The court considered Southwark London Borough Council v Mills  stating “where activities constitute a nuisance, the general principle is that “the persons directly responsible for the activities in question are liable, but so too is anyone who authorised them.” In order to be liable for authorising a nuisance, the landlords “must either participate directly in the commission of the nuisance, or they must be taken to have authorised it by letting the property.” In the present case, there can be no question of the landlords being liable to the appellants for the nuisance on the grounds that they did not actively or directly participate in the respondent’s nuisance and neither was it an inevitable or nearly certain consequence of the letting to the respondent tenants.
The defendants were ordered to pay 60% of the claimants’ costs consisting of base costs, success fee and ATE premium. The figures involved were very disturbing. The addition of a 100% success fee and a £350,000 ATE premium to the base costs of some £398,000 meant the defendants liability virtually trebled to over £1 million. The value of the property in question was less than £300,000 and the value of nuisance was at most £74,000. The defendants relying on MGN Limited v United Kingdom (2011) 53 EHRR 5 and Dombo Beheer BC v Netherlands (1994) 18 EHRR 213 contended that article 6 would be infringed if the court required them to pay 60% of the success fee and ATE premium. James v United Kingdom (1986) 8 EHRR 123 also relied upon.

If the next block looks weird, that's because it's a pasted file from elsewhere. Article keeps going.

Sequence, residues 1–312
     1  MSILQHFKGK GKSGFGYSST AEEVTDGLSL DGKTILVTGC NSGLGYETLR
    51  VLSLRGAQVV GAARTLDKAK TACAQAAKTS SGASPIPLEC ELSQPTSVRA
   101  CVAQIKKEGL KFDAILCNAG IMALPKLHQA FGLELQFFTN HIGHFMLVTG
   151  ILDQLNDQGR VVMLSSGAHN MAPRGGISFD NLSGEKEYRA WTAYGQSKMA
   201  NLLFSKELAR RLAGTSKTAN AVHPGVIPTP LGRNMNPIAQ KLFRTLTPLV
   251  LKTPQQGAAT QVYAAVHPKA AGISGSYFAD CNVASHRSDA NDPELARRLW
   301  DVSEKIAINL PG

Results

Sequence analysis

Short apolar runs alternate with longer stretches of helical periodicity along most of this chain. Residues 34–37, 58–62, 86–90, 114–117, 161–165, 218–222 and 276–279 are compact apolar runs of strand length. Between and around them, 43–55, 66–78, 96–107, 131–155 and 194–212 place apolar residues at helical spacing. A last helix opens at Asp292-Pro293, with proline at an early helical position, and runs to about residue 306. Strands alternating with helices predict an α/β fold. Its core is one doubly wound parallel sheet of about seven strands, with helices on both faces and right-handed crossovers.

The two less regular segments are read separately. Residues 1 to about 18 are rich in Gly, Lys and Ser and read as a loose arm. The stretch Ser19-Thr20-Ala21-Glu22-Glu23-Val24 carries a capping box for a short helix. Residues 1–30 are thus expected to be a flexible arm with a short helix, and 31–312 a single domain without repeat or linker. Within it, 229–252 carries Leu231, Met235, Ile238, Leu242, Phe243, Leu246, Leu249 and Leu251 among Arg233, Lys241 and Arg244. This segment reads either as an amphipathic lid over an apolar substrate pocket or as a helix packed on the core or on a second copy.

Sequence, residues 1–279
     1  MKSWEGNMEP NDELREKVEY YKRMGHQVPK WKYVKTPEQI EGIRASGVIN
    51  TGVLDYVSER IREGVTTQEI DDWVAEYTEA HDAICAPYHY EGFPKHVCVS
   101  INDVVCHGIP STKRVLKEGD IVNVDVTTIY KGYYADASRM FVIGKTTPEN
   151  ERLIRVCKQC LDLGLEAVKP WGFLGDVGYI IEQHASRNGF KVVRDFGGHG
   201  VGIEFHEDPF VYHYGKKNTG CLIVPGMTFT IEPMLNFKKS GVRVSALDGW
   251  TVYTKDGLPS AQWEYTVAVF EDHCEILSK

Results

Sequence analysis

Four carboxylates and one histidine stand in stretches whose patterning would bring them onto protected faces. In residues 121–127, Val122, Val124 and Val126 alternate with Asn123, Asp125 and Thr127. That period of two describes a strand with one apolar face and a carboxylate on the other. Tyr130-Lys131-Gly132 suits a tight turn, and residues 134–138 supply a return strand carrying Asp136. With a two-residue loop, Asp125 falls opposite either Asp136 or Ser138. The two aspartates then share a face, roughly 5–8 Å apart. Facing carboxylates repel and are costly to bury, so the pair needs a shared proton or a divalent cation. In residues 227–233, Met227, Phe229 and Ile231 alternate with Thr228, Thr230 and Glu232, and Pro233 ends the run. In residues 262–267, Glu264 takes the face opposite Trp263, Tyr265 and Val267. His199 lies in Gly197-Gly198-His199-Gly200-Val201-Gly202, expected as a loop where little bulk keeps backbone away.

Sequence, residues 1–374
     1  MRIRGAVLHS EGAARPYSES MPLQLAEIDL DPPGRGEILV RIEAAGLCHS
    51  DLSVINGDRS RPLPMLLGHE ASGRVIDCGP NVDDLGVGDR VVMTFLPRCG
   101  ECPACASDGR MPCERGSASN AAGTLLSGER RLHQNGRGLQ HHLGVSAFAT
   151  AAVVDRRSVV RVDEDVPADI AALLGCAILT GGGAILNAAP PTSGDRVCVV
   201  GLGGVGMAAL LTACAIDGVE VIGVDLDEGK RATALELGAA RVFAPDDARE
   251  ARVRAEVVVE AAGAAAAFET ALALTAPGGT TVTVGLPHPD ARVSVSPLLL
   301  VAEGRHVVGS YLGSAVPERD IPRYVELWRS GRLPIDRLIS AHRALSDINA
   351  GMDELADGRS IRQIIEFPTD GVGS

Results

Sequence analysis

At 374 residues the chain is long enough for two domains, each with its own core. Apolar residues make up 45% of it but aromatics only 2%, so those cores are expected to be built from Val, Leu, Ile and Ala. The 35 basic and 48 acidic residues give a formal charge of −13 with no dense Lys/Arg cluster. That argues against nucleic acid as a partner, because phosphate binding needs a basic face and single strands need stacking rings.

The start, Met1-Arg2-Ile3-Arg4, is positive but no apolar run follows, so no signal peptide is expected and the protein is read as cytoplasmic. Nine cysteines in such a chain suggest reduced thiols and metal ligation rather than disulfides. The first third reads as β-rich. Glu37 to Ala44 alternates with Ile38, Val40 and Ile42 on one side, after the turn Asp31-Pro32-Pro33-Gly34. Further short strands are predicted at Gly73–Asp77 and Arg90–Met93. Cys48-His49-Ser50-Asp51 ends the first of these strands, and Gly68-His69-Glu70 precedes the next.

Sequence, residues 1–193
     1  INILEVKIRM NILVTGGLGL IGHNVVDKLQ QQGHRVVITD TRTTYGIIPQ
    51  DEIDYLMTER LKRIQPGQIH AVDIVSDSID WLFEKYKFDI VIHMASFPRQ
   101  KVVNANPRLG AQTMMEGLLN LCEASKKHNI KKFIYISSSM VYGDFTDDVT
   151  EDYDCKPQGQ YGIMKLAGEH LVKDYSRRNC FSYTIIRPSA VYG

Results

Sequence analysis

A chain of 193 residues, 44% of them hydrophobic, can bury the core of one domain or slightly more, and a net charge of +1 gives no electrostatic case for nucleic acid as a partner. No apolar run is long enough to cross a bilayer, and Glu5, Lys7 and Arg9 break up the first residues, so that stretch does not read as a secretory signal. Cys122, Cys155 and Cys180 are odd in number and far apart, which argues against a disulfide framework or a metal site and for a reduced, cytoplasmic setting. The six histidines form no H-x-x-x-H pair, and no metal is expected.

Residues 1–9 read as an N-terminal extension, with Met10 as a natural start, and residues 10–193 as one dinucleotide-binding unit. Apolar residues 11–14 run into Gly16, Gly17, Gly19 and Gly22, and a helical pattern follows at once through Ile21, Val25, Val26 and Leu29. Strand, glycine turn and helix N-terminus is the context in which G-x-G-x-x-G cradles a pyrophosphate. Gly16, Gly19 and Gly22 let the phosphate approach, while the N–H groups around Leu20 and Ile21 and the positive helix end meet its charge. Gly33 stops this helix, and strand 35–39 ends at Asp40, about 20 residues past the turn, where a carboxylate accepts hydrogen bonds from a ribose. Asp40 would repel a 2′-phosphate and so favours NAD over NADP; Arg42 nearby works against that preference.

It was held that if the defendants’ argument based on article 6 was correct, it may well be that the proper outcome would not be to disregard paras 11.7 – 11.10 of the CPR 44PD, but to grant a declaration of incompatibility. The present appeal should then be relisted for a hearing after appropriate notice has been given to the Attorney – General and the Secretary of State for Justice.
If such a declaration was made by the court it would have enormous consequences on litigants whose claims are being funded by conditional fee agreements with an entitlement to a success fee and an ATE. They could potentially have claims against the Government for compensation for their loss of recovery of additional liabilities to which they were once legitimately entitled.